One surprising outcome of the convention was the federalisation of Britain. In addition to the Scottish Parliament, Welsh Assembly and Northern Irish Assembly (the former two empowered) England would be split into eight further regional assemblies. (in addition to the London Assembly) elected by the Additional Member System with their first elections in May 2019 . One further surprise is this would be done all at once, without individual referenda to keep consistency and prevent some English MPs having powers others didn’t or some kind of Rump English Parliament.

The Lords was tied to the regions. Each region would decide on how its Lords were appointed, whether popularly voted on, appointed by the First Minister of each region or appointed by the Assembly as a whole. The Lords would also be limited to 250 seats and serve five year terms. The constitution would also codify a return to the European Convention on Human rights in law. The Prime Minister was on record as not being completely satisfied with all the outcomes of the Constitutional Conventions but was on the whole pleased.

Beyond this, the Lib Dem promise to get rid of tuition fees didn’t come to fruition but grants for lower income students were introduced and fees were reduced back to their 2010 levels. Conservative cuts and tax cuts were reversed and funding for the NHS was increased. The period also saw British airstrike intervention in Libya.


2019 English Regional elections
Southern: Conservative minority
Wessex: Lib Dem-Green
Yorkshire: Labour-Lib Dem
Northumbria: Lib Dem-Labour
West Mercia: Labour Minority
East Mercia: Conservative-Minority
East Anglia: Conservative-UKIP
North West: Labour-Lib Dem

The first matter for all these governments was how each region would choose their house of Lords delegate

Southern: Nominated by the government, approved by the Assembly
Wessex: Direct election by Proportional Representation
Yorkshire: Direct election by Proportional Representation
Northumbria: Direct election by Proportional Representation
West Mercia: Nominated in proportion to the assembly’s composition. Approved by eassembly
East Mercia: Nominated by the government, approved by the Assembly
East Anglia: Nominated by the government, approved by the Assembly
North West: Direct election by Proportional Representation
Scotland: Direct Election by Proportional Represenation
Wales: Direct election by Proportional Representation
Northern Ireland: In proportion to electoral results, appointed by the Assembly

Those directly electing their lords would hold their first elections at the next assembly election in 2024 with a temporary delegation being appointed by each of the new first ministers.

The next election was due for May 2020 and the parties all prepared for this new creature of a Commons with some of their powers now devolved to the region and coalitions the new norm no one was ruling out any coalitions. UKIP were still quite high in the polls, empowered by the new voting system and applying pressure on the Conservatives to agree to a second referendum. The Lib Dems were falling in the polls, having lost the momentum that electoral reform and being the student vote had given them, losing them back to Labour and to the similarly empowered Greens who looked like they would lose their seat in Brighton (Now one of the East Sussex seats) but gain several elsewhere.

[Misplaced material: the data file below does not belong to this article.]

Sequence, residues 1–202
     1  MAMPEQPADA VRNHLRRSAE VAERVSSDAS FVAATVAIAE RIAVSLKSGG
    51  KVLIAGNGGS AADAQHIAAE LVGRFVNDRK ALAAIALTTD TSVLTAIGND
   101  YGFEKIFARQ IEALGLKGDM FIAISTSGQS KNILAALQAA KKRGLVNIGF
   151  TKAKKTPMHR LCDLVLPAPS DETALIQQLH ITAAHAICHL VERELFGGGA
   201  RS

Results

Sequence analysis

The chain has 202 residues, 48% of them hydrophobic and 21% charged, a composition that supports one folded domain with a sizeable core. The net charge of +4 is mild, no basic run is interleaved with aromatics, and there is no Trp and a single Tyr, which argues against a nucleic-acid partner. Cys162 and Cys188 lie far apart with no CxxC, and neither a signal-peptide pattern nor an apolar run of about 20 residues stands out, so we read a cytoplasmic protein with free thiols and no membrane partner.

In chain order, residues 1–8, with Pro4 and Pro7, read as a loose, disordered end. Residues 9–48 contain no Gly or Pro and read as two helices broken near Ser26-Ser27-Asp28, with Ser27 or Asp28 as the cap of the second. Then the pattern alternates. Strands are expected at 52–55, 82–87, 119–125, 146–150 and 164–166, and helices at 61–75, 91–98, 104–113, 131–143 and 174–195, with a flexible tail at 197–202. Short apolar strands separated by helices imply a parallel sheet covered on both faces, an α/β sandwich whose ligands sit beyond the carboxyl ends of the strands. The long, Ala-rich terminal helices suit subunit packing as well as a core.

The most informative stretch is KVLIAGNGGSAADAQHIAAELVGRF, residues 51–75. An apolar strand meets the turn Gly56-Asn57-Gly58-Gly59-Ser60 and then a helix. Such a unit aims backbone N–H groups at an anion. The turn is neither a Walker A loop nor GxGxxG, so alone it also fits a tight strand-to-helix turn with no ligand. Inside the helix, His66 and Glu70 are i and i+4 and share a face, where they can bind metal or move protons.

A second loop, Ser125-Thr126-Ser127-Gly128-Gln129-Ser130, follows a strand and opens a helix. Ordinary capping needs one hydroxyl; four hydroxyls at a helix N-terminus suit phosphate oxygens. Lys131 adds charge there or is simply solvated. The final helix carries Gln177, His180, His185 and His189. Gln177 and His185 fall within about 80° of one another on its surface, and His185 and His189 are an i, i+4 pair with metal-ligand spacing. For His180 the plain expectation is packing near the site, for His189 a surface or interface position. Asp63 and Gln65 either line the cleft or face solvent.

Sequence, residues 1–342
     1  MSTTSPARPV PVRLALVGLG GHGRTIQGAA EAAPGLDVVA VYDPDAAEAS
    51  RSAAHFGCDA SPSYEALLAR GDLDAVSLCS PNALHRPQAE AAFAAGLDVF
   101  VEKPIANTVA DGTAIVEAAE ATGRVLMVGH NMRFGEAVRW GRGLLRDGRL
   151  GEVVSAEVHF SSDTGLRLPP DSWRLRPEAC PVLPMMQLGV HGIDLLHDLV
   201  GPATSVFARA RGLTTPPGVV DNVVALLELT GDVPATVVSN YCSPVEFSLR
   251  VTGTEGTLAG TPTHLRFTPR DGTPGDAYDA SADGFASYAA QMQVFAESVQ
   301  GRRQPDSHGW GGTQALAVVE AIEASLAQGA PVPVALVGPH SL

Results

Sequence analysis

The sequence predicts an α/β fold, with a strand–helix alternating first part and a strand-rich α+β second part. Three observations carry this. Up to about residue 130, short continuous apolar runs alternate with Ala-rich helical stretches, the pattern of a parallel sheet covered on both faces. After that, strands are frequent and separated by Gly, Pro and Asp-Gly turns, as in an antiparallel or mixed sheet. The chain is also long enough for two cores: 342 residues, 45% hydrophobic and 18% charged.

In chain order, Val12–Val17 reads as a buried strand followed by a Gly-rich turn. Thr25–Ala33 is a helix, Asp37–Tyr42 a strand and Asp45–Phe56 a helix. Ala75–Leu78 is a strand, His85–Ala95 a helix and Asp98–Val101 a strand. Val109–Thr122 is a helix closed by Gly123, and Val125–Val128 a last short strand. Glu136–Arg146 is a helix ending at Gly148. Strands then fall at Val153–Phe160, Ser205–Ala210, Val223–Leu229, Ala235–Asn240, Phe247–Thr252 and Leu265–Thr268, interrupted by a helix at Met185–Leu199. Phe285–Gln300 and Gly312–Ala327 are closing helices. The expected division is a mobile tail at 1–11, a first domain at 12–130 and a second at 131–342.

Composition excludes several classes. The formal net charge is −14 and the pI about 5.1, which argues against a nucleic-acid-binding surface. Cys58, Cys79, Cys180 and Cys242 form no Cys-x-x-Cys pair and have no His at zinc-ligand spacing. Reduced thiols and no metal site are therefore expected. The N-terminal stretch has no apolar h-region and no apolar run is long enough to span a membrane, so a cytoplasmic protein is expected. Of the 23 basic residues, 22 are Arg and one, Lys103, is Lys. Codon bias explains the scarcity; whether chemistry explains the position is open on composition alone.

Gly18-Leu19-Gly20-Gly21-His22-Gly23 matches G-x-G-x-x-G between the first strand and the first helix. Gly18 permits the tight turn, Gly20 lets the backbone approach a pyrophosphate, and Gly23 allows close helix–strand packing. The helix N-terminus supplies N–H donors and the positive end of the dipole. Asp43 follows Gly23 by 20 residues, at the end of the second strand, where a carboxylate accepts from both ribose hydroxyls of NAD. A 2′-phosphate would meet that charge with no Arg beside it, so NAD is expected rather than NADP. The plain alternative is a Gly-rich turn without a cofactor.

Then COVID happened. The election was delayed and eventually postponed until October, give years to the month since the government started. Postal voting was massively rolled out and encouraged wherever possible. In the mean time the coalition was quick to act. After an Emerency meeting of the English First Ministers with the Prime Minister England went into lockdown. Britain headed into Lockdown on March 16th and wouldnt leave for months. Chancellor Danny Alexander unveiled a huge raft of measures to keep the economy afloat even as businesses closed. The government would lend and give money to businesses, pay rents, increase benefits to those otherwise on part time hours. Rapid testing and tracing was unveiled quickly. However some powers had been given to the Assemblies. The first lockdown ended in the Southern Region before, for example, Wessex or West Mercia. Certain regions ended their lockdowns in stages and some had different rules. It got confusing and police noted increased traffic between regions to take advantage of certain regions’ laws. It was also noted there was stronger cooperation between Westminster and those governments run by the Lib Dems or Labour such as those in Exeter, Birmingham and York than those in Guildford or Cambridge.

The public was on the whole pleased with Labour and the Lib Dems and the PM, Chancellor and Health Secretary all being Lib Dem (Clegg, Alexander and Lamb) helped their standings, being seen as the face of the government response. Many saw Cooper’s Labour as shifting to the left, arguing that all the best bits of the relief package had come from Labour, not the Lib Dems.

A strong showing in the Leaders debates for Cooper and a key Gaffe by hunt being exploited by UKIP lead to a slim lead for Labour and after several days of postal vote counting and recounting Labour would secure around 200 seats. Making them the largest party just ahead of the Conservatives who were in turn just ahead of the Liberal Democrats.

The Lib-Lab government was about turn and Labour’s Cooper and Thornberry would enter numbers 10 and 11 Downing Street. Clegg announced he’d retire (although he has been suggested as a Lord candidate for Yorkshire)

2020-Present: Yvette Cooper (Labour-Liberal Democrat Coalition )